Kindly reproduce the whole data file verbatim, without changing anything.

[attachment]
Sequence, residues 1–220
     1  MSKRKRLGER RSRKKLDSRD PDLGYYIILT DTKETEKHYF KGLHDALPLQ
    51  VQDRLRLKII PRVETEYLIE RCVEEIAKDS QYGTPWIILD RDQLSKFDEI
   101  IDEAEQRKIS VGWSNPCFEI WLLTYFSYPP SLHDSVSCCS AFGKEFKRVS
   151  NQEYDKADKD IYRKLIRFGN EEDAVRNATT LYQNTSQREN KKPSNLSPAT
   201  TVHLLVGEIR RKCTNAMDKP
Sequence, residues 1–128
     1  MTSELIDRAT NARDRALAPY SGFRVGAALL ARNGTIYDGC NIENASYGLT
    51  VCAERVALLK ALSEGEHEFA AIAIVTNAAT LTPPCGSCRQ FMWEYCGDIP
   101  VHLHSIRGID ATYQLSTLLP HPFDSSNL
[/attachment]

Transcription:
Sequence, residues 1–220
     1  MSKRKRLGER RSRKKLDSRD PDLGYYIILT DTKETEKHYF KGLHDALPLQ
    51  VQDRLRLKII PRVETEYLIE RCVEEIAKDS QYGTPWIILD RDQLSKFDEI
   101  IDEAEQRKIS VGWSNPCFEI WLLTYFSYPP SLHDSVSCCS AFGKEFKRVS
   151  NQEYDKADKD IYRKLIRFGN EEDAVRNATT LYQNTSQREN KKPSNLSPAT
   201  TVHLLVGEIR RKCTNAMDKP
Sequence, residues 1–128
     1  MTSELIDRAT NARDRALAPY SGFRVGAALL ARNGTIYDGC NIENASYGLT
    51  VCAERVALLK ALSEGEHEFA AIAIVTNAAT LTPPCGSCRQ FMWEYCGDIP
   101  VHLHSIRGID ATYQLSTLLP HPFDSSNL